|Clockwise from Top Left: L.E. Orla, Wool Socks, Galway Film Fleadh, Gold Bangle,
Jasper Quinn, County Cork, 10DaysInDublin Festival, Sweater Sleeve, Galway.
Aside from soaking up the fashion scene in Ireland, I’ve been taking advantage of the wide range of summer arts festivals happening all over the country. The 10DaysInDublin arts festival was full of hilarious plays, dance performances, comedians, poetry slams, and concerts. It’s run entirely by volunteers who are passionate about the arts, and I attended two of the multitude of events: a musical performance by a band called Bouts and a play entitled A Play for Bad Actors. Both venues were perfect backdrops for two magical evenings of live music and theater.
In my study tour to the Southwest of Ireland, the Literary Festival in Bantry, Co. Cork provided a sense of adventure and quenched the needs of my inner poetry nerd. I chummed around with tea and scones and the Irish Navy whilst listening to a reading by Jasper Quinn, a freelance writer who sailed around Ireland on a kayak and then wrote about his experiences. He was witty and hilarious, and knew how to make fun of himself. The officers in the Irish Navy on the L.E. Orla were kind enough to offer their ship as the venue, appropriate enough, seeing as the reading was about being out at sea. One quote that stuck out in my mind was when Jasper said, “Coming home means going out to sea.” Many an Irish writer has written about Ireland from outside its borders, which was true for Jasper as well. I’m not sure why so many literary geniuses have felt the need to leave Ireland in order to properly write about it, but it’s definitely a common theme.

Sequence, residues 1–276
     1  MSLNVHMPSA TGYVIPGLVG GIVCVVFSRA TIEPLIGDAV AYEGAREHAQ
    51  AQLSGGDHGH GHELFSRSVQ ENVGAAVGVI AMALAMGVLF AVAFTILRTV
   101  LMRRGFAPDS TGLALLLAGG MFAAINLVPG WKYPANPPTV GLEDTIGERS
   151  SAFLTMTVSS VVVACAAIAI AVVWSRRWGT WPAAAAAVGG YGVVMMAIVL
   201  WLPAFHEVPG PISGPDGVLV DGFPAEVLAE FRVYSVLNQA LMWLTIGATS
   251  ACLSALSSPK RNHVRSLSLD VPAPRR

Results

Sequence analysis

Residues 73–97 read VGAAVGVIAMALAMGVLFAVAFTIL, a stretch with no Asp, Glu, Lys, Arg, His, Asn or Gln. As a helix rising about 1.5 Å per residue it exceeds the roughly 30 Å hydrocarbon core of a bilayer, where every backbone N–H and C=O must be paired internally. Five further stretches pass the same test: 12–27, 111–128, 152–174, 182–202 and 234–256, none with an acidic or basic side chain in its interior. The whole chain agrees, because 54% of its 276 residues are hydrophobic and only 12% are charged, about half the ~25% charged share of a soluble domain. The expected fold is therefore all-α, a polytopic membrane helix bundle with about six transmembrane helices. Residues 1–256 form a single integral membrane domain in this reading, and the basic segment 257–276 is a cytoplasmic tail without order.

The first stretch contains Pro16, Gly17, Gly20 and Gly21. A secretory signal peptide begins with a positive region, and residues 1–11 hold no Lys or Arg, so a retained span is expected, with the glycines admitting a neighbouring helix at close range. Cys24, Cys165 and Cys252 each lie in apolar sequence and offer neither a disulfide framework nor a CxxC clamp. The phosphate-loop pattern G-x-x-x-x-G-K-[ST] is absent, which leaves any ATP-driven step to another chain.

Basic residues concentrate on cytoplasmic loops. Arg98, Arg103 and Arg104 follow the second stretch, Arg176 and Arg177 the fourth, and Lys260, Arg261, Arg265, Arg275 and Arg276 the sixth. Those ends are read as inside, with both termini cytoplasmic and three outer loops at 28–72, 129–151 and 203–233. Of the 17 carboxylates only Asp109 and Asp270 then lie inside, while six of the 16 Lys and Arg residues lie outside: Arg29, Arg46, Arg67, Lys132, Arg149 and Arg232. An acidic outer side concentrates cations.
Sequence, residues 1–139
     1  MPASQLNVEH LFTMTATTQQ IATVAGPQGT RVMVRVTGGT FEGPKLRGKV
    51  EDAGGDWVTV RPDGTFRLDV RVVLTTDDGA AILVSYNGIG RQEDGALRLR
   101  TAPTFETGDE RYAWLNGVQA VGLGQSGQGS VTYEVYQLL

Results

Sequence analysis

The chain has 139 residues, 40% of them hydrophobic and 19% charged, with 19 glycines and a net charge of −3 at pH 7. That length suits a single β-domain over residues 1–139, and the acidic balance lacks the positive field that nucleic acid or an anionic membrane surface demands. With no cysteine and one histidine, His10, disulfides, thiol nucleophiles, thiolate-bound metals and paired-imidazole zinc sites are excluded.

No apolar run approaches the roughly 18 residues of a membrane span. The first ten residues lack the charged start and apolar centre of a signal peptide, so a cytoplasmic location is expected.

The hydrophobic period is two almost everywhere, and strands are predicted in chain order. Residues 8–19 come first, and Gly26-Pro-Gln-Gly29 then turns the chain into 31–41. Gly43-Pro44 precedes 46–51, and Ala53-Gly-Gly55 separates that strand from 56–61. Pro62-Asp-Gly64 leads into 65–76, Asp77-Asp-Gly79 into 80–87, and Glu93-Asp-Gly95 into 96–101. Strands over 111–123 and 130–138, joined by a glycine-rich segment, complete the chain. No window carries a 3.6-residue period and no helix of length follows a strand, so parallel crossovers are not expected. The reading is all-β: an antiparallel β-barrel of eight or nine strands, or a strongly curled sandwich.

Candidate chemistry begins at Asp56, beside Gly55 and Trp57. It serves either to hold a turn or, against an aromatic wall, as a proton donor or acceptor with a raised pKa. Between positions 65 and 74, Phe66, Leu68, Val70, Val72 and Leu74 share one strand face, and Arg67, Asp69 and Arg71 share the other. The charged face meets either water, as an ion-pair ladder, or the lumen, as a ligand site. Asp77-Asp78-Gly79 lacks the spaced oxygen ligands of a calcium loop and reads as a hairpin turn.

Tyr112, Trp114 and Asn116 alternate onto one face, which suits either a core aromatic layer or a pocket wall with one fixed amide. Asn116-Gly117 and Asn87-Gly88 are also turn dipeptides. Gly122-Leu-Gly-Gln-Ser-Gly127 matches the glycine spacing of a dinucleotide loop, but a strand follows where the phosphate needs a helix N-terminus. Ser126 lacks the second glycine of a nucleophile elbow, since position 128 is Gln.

After Cork, we made our way slowly up to Galway for the 24th Annual Film Fleadh and saw a thrilling drama called Jump. It was the perfect art house film to see and I was completely drawn in by the plot, which followed eight loosely connected characters over the course of a hectic and fatal New Years Eve in Derry. I’ll be visiting Derry and Belfast next weekend, and I’m curious to see what Northern Ireland is really like after learning so much about “the troubles.” On my travels, I purchased a silver claddagh ring, a gold bangle, and the most comfy sweater I’ve ever worn. Aside from the many arts festivals, I had quite an outdoorsy adventure. I rode a pony up a mountain, scaled the steep cliffside of Skellig Michael, was mesmerized by the Cliffs of Moher, and found a peaceful, rocky perch in The Burren. After three weeks of living in Dublin and travelling to Cork, Kerry, Clare, Blarney, Cobh, Bantry, and Galway, the best way to sum up this journey would be to say that I’ve found the perfect balance of art, academia, and nature.